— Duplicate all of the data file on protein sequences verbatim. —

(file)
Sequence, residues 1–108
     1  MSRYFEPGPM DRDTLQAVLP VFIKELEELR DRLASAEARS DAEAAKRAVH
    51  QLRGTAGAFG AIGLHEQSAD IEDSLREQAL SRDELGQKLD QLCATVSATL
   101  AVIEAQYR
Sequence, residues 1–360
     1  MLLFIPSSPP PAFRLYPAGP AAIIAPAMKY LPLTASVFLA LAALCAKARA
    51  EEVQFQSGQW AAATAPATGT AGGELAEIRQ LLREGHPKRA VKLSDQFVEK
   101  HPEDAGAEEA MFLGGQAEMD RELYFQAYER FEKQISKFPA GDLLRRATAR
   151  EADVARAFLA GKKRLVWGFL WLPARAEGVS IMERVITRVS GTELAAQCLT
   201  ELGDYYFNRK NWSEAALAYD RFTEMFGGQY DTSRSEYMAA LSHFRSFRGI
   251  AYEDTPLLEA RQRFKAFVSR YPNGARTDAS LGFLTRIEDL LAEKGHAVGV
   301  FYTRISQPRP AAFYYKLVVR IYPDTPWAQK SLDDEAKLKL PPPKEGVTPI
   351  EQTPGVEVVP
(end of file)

Sequence, residues 1–108
     1  MSRYFEPGPM DRDTLQAVLP VFIKELEELR DRLASAEARS DAEAAKRAVH
    51  QLRGTAGAFG AIGLHEQSAD IEDSLREQAL SRDELGQKLD QLCATVSATL
   101  AVIEAQYR
Sequence, residues 1–360
     1  MLLFIPSSPP PAFRLYPAGP AAIIAPAMKY LPLTASVFLA LAALCAKARA
    51  EEVQFQSGQW AAATAPATGT AGGELAEIRQ LLREGHPKRA VKLSDQFVEK
   101  HPEDAGAEEA MFLGGQAEMD RELYFQAYER FEKQISKFPA GDLLRRATAR
   151  EADVARAFLA GKKRLVWGFL WLPARAEGVS IMERVITRVS GTELAAQCLT
   201  ELGDYYFNRK NWSEAALAYD RFTEMFGGQY DTSRSEYMAA LSHFRSFRGI
   251  AYEDTPLLEA RQRFKAFVSR YPNGARTDAS LGFLTRIEDL LAEKGHAVGV
   301  FYTRISQPRP AAFYYKLVVR IYPDTPWAQK SLDDEAKLKL PPPKEGVTPI
   351  EQTPGVEVVP